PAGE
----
Olympic sevens hopes shaky
There must be increasing concern about the New Zealand men’s rugby sevens prospects for next year’s Rio de Janeiro Olympics.
Huriana Manuel’s New Zealand women’s team have been so dominant recently they are strong gold medal hopes.
They won the 2013 and 2014 world series and were impressive in winning the first three tournaments this year, in Dubai, Sao Paulo and Atlanta.
It’s a different story with the men, however.
New Zealand have long been the major force in men’s sevens.
Under super-coach Gordon Tietjens, they won 11 of the first 14 world series, including the first six, and the first four Commonwealth Games sevens gold medals. But are they running out of steam? New Zealand were outplayed in the 2014 Glasgow Commonwealth Games final by the faster, more exciting South Africans.
On the 2015 circuit, they are third behind South Africa and Fiji, having won just one ( Wellington) of the seven tournaments.
South Africa lead with 129 points. Fiji have 125, New Zealand 120 and England, who won in Japan recently, 100.
Rugby followers seem to feel everything will be OK next year because Tietjens will stack his squad with All Blacks. But it’s doubtful he’ll pick too many. The recent headline- grabbing announcement that Kieran Read was forgoing his Olympic hopes to focus on the All Blacks was laughable.
Tietjens would not have picked Read, who is a great All Black No 8, but would be too big and slow for sevens.
In the early days, lumbering loose forwards such as Alan Sutherland and Alex Wyllie played sevens for New Zealand. So, more recently, did Todd Blackadder.
None would make the cut in the modern game, where a 110kg player is considered extremely heavy and there is huge emphasis on speed.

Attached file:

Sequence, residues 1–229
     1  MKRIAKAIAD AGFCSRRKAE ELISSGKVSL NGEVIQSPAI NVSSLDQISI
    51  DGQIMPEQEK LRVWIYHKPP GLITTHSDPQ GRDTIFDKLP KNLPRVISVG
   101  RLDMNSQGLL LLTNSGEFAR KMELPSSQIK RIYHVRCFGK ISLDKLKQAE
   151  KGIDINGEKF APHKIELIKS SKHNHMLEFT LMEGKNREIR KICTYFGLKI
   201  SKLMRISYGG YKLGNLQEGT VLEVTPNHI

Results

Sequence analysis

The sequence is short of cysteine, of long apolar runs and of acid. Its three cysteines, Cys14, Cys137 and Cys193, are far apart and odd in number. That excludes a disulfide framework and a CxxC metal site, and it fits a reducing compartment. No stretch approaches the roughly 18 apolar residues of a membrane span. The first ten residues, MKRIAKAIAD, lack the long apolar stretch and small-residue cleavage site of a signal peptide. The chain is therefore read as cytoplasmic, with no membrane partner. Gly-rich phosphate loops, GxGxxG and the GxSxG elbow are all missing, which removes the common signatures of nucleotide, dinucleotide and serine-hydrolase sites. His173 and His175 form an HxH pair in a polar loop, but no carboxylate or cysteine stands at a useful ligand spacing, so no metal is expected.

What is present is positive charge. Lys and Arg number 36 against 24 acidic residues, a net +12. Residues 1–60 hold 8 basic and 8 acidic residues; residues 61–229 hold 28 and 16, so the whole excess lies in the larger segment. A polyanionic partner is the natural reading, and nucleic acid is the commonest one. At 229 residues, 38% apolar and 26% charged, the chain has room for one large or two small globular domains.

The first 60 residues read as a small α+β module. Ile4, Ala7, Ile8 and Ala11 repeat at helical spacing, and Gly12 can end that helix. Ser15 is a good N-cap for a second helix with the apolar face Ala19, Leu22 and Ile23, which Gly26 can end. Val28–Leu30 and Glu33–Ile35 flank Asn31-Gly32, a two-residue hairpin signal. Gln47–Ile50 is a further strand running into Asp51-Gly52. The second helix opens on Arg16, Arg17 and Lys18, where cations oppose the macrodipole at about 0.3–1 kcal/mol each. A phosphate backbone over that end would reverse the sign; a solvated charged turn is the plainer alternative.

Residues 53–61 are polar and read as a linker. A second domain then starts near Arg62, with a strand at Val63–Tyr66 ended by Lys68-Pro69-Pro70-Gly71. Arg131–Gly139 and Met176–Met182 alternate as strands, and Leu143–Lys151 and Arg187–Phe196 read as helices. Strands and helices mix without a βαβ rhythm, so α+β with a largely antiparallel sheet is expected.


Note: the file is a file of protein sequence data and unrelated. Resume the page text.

Tietjens’ team is captained by veteran DJ Forbes, a Richie McCaw-type leader. But around him, Tietjens will want raw speed, absolute fitness and several players with exceptional leaping ability – to win all- important possession from kick-offs.
Of current All Blacks, Ardie Savea, Beauden Barrett, Sonny Bill Williams and Ben Smith are strong candidates for the Olympic team, and Julian Savea must also rate a chance.
Tietjens certainly has the job ahead of him.
In Hong Kong this month, New Zealand were runners-up to Fiji, having beaten Samoa 15-14 in the semi-final. The significant result, however, was their 24-24 draw with Portugal, who missed a kick to win the match.
Portugal are 14th among the core 15 teams that contest every tournament on the sevens circuit.
In Japan the following week, New Zealand were beaten 19-15 by Canada in the quarter-final. Canada are ranked 11th this season.
Such results would have been unthinkable a few years ago, but show how much tighter men’s sevens has become.
The game has evolved and, especially with the lure of an Olympics, teams like Kenya, the United States, Argentina and even Portugal are genuine factors.
The Olympic fields – men and women – will be made up of 12 teams, with hosts Brazil guaranteed a spot.
Four men’s teams qualify automatically from the 2015 world circuit, so New Zealand at least seems assured of entry.
As far as their Olympic hopes go, that’s about all that is assured at this point.
Coach Gordon Tietjens and captain DJ Forbes were all smiles after winning the London Sevens last year. Will they be smiling after the Rio de Janeiro Olympics?